What happens when civil society comes into conflict with feudal politics?  Take a gander at Syria for an example.  While we will see an increase in violence across the Western World and the need for more militant intervention in the face of unacceptable violence, we aren't going to have a civil war, nor repeat World War II.  I don't say that out of whimsical hopefulness, but out of an understanding of history.  War might make a profit for some, but not when it's being fought in your backyard.  In terms of stable profits, you need stable society, which means compromise solutions.  Those with capital will tire of the hits instability inflicts on their wealth and will use their resources to reign in the politics. 

Private sector interests facing loss want regulation, they want stability, they desire order.  Nobody is imposing this on them; it was people of means that gestated our current system of governance in the first place.  People of means will also proactively support stability and market generation; charity, education, micro-credit, whatever are all means of enhancing the labour pool and expanding markets.  With stories like Davos and Goldman-Sachs we see a proactive-approach to emerging threats that the private sector is hoping to proactively resolve, before it's too late.  They talk about this lots, but what action do we see taken?  

Action might be directed from the top, but it always comes from the bottom.  The foot soldiers of any movement are the rank and file of society.  How do you motivate every-day folk to risk their lives?  It helps if their lives are already miserable and they have little to lose, but the best motivation comes from believing in something that is bigger than the individual; the tribe, honour, a better world.  Here's a vision that would help convince a guy like me to take up the sword:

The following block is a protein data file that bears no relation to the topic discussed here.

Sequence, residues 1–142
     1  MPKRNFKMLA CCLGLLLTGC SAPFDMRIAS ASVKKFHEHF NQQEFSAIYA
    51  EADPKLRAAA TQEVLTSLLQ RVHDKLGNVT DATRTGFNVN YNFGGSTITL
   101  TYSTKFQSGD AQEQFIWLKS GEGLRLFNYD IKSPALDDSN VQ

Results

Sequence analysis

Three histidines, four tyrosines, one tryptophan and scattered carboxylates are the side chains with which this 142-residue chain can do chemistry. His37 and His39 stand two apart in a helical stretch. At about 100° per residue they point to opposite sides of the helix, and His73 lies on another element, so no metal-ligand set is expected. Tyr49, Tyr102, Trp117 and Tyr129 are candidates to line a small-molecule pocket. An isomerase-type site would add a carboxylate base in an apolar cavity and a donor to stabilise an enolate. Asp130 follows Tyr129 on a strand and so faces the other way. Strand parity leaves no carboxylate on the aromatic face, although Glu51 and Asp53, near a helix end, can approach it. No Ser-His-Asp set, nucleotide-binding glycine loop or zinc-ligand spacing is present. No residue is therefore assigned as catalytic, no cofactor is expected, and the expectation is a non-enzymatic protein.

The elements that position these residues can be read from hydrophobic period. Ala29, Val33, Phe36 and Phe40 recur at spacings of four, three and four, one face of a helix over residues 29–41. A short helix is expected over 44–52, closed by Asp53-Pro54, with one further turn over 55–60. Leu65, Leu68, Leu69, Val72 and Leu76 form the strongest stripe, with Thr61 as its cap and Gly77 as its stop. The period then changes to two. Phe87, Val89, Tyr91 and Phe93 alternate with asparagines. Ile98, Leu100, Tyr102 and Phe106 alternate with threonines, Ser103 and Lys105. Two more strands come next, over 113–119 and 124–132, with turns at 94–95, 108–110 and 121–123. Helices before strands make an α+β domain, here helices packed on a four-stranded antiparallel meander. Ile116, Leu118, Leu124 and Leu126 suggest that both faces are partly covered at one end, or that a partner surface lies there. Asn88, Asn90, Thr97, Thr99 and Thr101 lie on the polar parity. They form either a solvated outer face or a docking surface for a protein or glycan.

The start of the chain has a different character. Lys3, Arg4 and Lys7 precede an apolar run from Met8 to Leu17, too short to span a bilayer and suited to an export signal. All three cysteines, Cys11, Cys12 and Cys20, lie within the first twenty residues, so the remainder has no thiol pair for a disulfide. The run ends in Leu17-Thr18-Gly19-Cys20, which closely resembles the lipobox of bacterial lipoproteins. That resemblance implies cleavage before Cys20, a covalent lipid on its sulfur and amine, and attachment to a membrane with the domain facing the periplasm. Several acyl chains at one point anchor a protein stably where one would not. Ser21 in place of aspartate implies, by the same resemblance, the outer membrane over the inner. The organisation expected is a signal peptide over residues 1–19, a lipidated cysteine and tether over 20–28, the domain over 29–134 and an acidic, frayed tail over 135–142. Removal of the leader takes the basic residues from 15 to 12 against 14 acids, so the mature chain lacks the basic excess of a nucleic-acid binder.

Peace, order, good government - and opportunity.  Not for me; I'm part of the first generation in a while that's being told to expect a lower quality-of-life than my parents.  If the world is contracting around us due to the narrow vision of some, it'll take a generation to broaden our horizons.  As I contribute to a better world, it's for my son and, by association, all the children that will be adults around him.  I would rather none of them in this increasingly-integrated world grow up in poverty, surrounded by gunfire and without hope, because I know what sort of behaviour that experience fosters in the long run.  History provides lots of examples.  I'm even willing to give up a bit, personally, to foster that world.

Power is about control - drawing resources to oneself and gaining the ability to do whatever one wants.  The only way to acheive power is through manipulation, be it verbal or by force.

The opposite of power is not powerlessness.  It's sacrifice; the willingness to put collective interests ahead of individual interests.  Sacrifice is not something that can be forced from without; it has to motivated from within.  Honour isn't something that must be shed for accomplishment; it's something that must be obtained to maintain it.  By empowering others, everyone gains something.  It's this thing called society.  We can live together, or we can die alone.